Commentary Series

Mon-Thurs 8:50 a.m. and 5:50 p.m. Sundays at 10:55 a.m.

More than 50 commentators provide perspective and opinion about current events, topics of interest, and often showcase the work of writers and storytellers. The VPR Commentary Series is produced by Betty Smith-Mastaler.

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Bill O’Reilly was pulled off his pedestal at Fox News by the Rupert Murdoch family, but only after so many women exercised their outrage against sexual harassment. The tall statue of “the iconic most powerful name in news” was given a shove by women whose spontaneous anger gave corporate America the jitters.

Bill O’Reilly’s ouster really is a big deal. Time was when the FCC had a regulation called The Fairness Doctrine - a rule that required broadcasters to present controversial issues in an evenhanded way. But in 1987, a time of deregulation, that doctrine was scrapped – leading to intense partisanship in broadcasting and notably the birth of Fox News.

Martin: All Are Welcome

Apr 24, 2017

When I was a kid, I learned in school that the United States was the best country in the world because we were a melting pot. No matter where you came from, no matter your color, creed, or bank account, you could come here, learn English, work hard, and become an American.

In the spring of 1969 I worked in the apple orchards at Scott Farm in Dummerston. And back then I’d never heard of climate change. Yet today, Zeke Goodband, the manager of Scott Farm is relying more on wild bees for pollination because they work in cooler temperatures and tolerate wind and wet weather. And Goodband says native bees seem more resilient and better able to deal with climate instability.

I learned about LaCrosse, Wisconsin, from a Planet Money episode called, The Town Where Everyone Talks About Death - a city of more than fifty thousand residents, where ninety-six per cent of them have an Advance Care Plan on file.

The use of online communication to advance social causes has created some clever new words, like clicktivsm – the signing of online petitions to feel part of social change.

Many small colleges are struggling with low inquiry, application, and admission rates, including here in the Northeast. Rising tuitions, student loan abuses, and radical change in employment patterns have discouraged many students who then choose to bypass college and just enter the workforce at a lower level of opportunity.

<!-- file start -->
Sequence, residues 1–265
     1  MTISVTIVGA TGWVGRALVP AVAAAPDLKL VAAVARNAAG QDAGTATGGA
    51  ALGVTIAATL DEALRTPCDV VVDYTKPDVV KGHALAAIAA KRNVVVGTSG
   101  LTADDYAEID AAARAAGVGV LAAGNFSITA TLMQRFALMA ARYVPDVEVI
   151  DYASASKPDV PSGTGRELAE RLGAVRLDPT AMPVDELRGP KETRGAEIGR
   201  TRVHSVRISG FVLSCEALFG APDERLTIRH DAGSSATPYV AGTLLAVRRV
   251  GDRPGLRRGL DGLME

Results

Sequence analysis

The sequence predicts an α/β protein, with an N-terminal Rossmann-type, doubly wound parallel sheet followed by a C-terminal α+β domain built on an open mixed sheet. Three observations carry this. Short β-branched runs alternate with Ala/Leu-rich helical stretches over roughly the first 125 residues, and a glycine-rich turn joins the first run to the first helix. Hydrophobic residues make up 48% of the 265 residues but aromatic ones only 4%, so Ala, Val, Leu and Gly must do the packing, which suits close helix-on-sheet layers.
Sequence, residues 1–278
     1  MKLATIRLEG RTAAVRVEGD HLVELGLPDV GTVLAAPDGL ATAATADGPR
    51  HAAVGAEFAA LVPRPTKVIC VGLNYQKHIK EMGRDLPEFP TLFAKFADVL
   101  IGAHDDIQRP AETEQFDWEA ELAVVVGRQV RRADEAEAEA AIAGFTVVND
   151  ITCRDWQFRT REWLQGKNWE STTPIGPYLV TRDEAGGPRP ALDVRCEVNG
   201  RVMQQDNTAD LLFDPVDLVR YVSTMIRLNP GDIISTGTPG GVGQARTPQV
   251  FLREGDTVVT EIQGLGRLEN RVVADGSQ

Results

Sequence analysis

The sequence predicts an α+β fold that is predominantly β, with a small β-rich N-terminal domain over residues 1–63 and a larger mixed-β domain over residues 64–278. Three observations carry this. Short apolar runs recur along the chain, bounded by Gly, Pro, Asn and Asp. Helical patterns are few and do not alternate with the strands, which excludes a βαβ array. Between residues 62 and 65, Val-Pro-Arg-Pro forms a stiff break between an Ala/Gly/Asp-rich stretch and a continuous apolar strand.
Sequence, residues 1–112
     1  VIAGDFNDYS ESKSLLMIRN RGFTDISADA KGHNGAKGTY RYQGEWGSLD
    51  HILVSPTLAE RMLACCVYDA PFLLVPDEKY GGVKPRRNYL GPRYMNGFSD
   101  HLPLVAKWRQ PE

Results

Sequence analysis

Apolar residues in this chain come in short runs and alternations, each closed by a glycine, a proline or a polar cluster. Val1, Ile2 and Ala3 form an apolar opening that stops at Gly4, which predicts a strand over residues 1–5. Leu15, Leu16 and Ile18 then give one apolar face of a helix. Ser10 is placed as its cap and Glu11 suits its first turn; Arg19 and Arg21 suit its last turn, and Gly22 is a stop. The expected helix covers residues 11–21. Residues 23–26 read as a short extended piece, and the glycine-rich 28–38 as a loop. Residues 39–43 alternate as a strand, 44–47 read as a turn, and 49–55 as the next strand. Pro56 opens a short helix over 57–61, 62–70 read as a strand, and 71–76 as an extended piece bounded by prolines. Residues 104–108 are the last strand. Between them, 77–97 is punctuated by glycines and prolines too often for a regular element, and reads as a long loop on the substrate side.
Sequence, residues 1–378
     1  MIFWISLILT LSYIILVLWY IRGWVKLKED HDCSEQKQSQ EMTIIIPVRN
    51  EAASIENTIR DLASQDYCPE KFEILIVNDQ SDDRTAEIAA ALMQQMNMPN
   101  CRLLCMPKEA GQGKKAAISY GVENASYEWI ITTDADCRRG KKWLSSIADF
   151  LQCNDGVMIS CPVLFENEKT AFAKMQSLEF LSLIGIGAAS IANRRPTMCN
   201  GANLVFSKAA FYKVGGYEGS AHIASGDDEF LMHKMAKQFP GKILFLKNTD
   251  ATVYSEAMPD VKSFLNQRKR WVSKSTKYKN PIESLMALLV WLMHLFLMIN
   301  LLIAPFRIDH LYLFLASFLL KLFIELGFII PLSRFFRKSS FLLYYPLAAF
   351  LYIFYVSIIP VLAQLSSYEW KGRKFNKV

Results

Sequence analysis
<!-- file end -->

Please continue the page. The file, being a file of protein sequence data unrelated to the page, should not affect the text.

Watts: Boys Adrift

Apr 18, 2017

We’re approaching a critical date in the world of college admissions – the day students put down their deposits and name their college choices. But admissions officers and college presidents already know one thing for sure – that the incoming class will have more women than men.

Just a few days ago, a black vulture appeared above Walpole, New Hampshire, thirty-seven years after I confirmed the first turkey vulture nest in northern New England.

Walter Scheidel, a Stanford humanities professor, builds on Joseph Stiglitz's and Thomas Piketty's work on economic inequality with his own book, The Great Leveler, Violence and the History of Inequality from the Stone Age to the Twenty-first Century.

For decades now, American colleges have been working to identify their first African-American students. The implicit message is that any college that can claim an early black student has a legacy of tolerance.

Boston Herald.

Thirty thousand men and women are in Hopkinton, Massachusetts to take part in the one hundred and twenty first running of the Boston Marathon. As the participants crowd together at the start, the energy will build until it’s released by the starting gun. And as the competitors surge forward, enthusiastic spectators will cheer them along for twenty six point two miles.

In order to better understand why our roads turn to soup about now, here’s a short Mud Season 101.

During the recent campaign for governor, several candidates suggested that Vermont should use some of its debt capacity to issue a housing bond. And while Governor Phil Scott didn’t come up with this idea himself, to his credit, he’s now adopted it and proposed a thirty five million dollar housing bond.

Never mind the robins; one of the first signs of spring in Vermont is the orange-breasted flagman - or flagwoman – as is increasingly common.

The EB-5 fraud case that was exposed a year ago was a suitable capper to one of the worst ski seasons in memory. A million skier days had been lost in a single winter, as the short, warm season ended with scandal.

At first Vermont and Mississippi don’t appear to have much in common, but a recent report notes that they’re the only two states who’ve never sent a woman to Congress. Released by South Burlington-based Change the Story last week, Vermont Women and Leadership is the fourth in a series of studies related to women’s economic status in the Green Mountain State.

After much procrastination, my husband and I completed our Advance Directives – just before witnessing my cousins scramble to make decisions about my aunt’s end of life as she lay in a coma in a hospital in San Juan. I remember thinking how grateful I was to have my directive on file with my doctor, my hospital and the Vermont Registry.

Former state naturalist and author Charles Johnson, and Bruce Post, a longtime Congressional aide, now retired, have written and posted online a statement they call “The Mountain Manifesto” in which they declare: “We have created this Mountain Manifesto because we feel the mountains are now under siege… this time for the seemingly insatiable human craving for energy.”

Welcome back to the never-ending debate on the cost of educating our children. Montpelier urges citizens not to spend any more money on education, school boards denounce the teachers’ union and parents worry about what effect the resulting debate may have on what they care most about: their kids.

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